Self-Discipline for Distinctions

Thought of the day:

Why is self-control a fruit of the Spirit (as Paul says in Galatians 5:22-24)? And why, more broadly, do we practice self-discipline? (1 Corinthians 9:24-27)

God’s creative work is a work of creating distinctions (separating the light from the darkness, the sky from the sea, the land from the water, living things from the dirt, woman from man, etc.). The devil’s work is that of blurring those distinctions.

Self-control and self-discipline are the art of maintaining distinctions in the self.

If I maintain a precise schedule, it means I set aside a specific time to do Activity A and keep it separate from another time that is set aside for Activity B.

But if I try to multitask, then I find that I am blurring distinctions, not only outwardly but in my thoughts. If I try to plan out ideas for a personal project while I’m in a boring work meeting, I am blurring the mental distinction between my project and my work. Not only does this mean that the mental boundaries between those two activities get fuzzier, but I find it also means that I increase the habit of having fuzzier thoughts overall.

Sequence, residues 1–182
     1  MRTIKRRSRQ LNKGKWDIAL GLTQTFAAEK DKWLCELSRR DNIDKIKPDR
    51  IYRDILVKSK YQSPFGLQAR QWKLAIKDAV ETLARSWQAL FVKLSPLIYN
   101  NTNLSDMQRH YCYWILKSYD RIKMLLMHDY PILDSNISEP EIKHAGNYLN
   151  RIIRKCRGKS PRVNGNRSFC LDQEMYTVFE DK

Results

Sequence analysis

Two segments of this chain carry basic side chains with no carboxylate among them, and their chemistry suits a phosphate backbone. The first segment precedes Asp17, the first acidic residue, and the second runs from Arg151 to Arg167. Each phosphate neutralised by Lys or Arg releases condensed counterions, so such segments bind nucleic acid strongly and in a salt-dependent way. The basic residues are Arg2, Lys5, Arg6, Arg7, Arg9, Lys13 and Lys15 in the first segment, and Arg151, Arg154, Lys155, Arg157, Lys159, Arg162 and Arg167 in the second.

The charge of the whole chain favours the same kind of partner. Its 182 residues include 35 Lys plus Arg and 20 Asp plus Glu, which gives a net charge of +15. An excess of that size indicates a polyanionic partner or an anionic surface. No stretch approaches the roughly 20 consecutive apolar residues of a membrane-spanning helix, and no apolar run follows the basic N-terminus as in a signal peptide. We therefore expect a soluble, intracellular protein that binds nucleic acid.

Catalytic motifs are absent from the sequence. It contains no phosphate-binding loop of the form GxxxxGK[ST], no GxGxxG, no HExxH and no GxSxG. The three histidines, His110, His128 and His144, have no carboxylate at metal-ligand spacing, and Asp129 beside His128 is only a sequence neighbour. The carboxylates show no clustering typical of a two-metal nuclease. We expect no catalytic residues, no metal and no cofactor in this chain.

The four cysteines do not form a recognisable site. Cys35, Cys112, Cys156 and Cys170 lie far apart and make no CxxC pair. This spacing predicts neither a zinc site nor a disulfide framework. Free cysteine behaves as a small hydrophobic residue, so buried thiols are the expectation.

And if I don’t follow a strict schedule for planning / separating different activities in my day, on the one hand it gives me greater flexibility to do what is needful in the moment, but on the other hand it means my thoughts about what I am doing that day are rather fuzzy.

“Holy” means “set apart”. Holiness is being made distinct.

I find that the simple practices of self-discipline, such as working on only a single thing at a time rather than multitasking, and setting aside specific times for specific activities in advance and actually doing them at those times even when I don’t want to in the moment, carry over into the clarity of my thoughts throughout the day.

So I find that one aspect of self-control as holiness is making thoughts holy from things they are not meant to be focused on at a given time. And that holiness supports the work that God created the mind to function in, not fuzzily but clearly, despite the distractions and destructive blurrings of the devil. (And boy does our present day bombard us with many assaults on clear thinking!)

(And I should clarify that I don’t think this is the only or even necessarily the primary sense of why self-control or self-discipline is important, but I noticed this dimension as a new facet that I’d not considered much before.)